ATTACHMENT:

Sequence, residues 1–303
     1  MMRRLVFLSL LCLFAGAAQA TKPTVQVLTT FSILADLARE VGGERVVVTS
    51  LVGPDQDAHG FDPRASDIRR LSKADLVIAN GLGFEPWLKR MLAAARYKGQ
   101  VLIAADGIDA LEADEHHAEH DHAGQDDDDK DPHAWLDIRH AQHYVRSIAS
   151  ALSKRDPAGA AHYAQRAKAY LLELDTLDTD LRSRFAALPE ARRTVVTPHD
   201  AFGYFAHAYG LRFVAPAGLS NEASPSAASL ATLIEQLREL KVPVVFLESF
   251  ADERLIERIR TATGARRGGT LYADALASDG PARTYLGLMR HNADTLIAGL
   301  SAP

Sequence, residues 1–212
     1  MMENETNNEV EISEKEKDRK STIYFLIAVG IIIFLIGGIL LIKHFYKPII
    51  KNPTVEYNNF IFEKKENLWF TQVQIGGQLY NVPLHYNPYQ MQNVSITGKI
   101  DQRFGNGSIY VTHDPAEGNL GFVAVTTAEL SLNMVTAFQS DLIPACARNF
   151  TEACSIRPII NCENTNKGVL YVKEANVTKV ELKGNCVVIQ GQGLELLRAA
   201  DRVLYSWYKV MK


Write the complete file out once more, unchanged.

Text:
Sequence, residues 1–303
     1  MMRRLVFLSL LCLFAGAAQA TKPTVQVLTT FSILADLARE VGGERVVVTS
    51  LVGPDQDAHG FDPRASDIRR LSKADLVIAN GLGFEPWLKR MLAAARYKGQ
   101  VLIAADGIDA LEADEHHAEH DHAGQDDDDK DPHAWLDIRH AQHYVRSIAS
   151  ALSKRDPAGA AHYAQRAKAY LLELDTLDTD LRSRFAALPE ARRTVVTPHD
   201  AFGYFAHAYG LRFVAPAGLS NEASPSAASL ATLIEQLREL KVPVVFLESF
   251  ADERLIERIR TATGARRGGT LYADALASDG PARTYLGLMR HNADTLIAGL
   301  SAP

Sequence, residues 1–212
     1  MMENETNNEV EISEKEKDRK STIYFLIAVG IIIFLIGGIL LIKHFYKPII
    51  KNPTVEYNNF IFEKKENLWF TQVQIGGQLY NVPLHYNPYQ MQNVSITGKI
   101  DQRFGNGSIY VTHDPAEGNL GFVAVTTAEL SLNMVTAFQS DLIPACARNF
   151  TEACSIRPII NCENTNKGVL YVKEANVTKV ELKGNCVVIQ GQGLELLRAA
   201  DRVLYSWYKV MK